Complex Cloning In Photoshop

Cloning in Photoshop can be complex, time consuming, if not at times near impossible when we’re working along highly detailed edges. This tutorial uses luminosity masks to control the areas being effected to help with some complex cloning issues.

This tutorial uses a previous version of our luminosity panel, the techniques are still relevant with our current panel.

There are many methods available to clean up areas in an image. Each of those tools has their advantages and disadvantages. This tutorial doesn’t discuss all of the options available, instead I focus on a particularly difficult situation. I remove a very messy and distraction clump of cloud that is sitting against the tree line. 

With the clouds up against the tree line there is no conventional method of removal that will make this job easy. You could clone out the majority of the sky using traditional methods, then zoom in on the tree. This method has the potential to work, but would be very time consuming, and it likely would not look natural. There is an alternative method, that isn’t widely known, and that is to have a loaded selection while cloning.

As we are aware from making adjustments, having a loaded selection stops you from working outside the selected area. The same theory applies to cloning. By having a loaded selection, we limit the area that can be affected to that area. When we combine this with luminosity selections, we have the ultimate control.

Making The Luminosity Mask Selection

Making luminosity masks selections around trees and in particular tree branches can be very difficult. This is caused by the lighter tones and the way the light reflects off the bark of trees and even the leaves. Because this can be difficult, I use a slightly different method when making my mask selections. In this tutorial use a few steps.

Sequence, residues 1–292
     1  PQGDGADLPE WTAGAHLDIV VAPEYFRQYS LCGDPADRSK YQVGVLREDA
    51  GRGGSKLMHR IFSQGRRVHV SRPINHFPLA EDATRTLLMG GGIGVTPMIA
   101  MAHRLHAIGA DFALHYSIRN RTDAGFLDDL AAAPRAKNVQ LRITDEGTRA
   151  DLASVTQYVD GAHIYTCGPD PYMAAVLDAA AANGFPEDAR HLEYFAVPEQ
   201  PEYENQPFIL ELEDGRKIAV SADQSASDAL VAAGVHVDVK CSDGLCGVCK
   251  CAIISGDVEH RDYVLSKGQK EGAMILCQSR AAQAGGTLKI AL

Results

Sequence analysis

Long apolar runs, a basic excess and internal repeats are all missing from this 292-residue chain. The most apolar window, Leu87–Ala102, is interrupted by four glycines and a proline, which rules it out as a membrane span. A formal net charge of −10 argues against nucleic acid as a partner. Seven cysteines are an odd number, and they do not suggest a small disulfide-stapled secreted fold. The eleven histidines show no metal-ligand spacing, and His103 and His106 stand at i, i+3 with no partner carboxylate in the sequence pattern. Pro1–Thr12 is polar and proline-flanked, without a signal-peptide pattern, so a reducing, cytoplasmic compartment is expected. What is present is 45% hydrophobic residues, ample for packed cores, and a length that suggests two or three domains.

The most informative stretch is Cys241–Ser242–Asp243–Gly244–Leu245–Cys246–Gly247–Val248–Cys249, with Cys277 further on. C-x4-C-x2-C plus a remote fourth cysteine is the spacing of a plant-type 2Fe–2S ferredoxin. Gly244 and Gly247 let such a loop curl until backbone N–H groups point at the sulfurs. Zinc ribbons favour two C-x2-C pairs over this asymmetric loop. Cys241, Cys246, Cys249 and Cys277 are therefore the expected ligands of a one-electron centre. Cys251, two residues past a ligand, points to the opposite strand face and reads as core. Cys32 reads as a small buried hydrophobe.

1. Select a lights luminosity mask in ADP LumiFlow, because I want to make a selection of the sky and it’s in the light tones.
  2. Adjust the black point of the mask to darken the tree and branches. Then adjust the midtones to slightly lighten the sky. I do not adjust the light area of the mask to much, or I will lose the branches. This is where the difficulty lies in making a selection around trees.
  3. Put the completed selection on to an adjustment layer to complete the mask modification through dodging and burning. Note, this step is no longer required in the latest version of our panel, these tools are built in.
  4. Then select the mask by hold alt or option and clicking on the mask. Now you can use the dodging and burning tools built into Photoshop to adjust your mask. Be very careful as you work around the branches, ensuring you don’t remove them as you dodge the light sky.

Cloning in Photoshop With a Loaded Selection

Now that we have an accurate selection of the area, the once complex cloning job has been made much easier. To complete the cloning job, I now:

  1. Create a transparent layer to do my cloning on.
  2. Load up my luminosity mask selection by pressing CMD (mac) or CTRL (pc) and left clicking on the mask.
  3. Hide the marching ants from the selection by pressing the show / hide button on the panel. If you don’t have the panel it’s CMD + H or CTRL + H.
  4. I then start removing the cloud through cloning, not having to worry about trees because of the luminosity mask selection.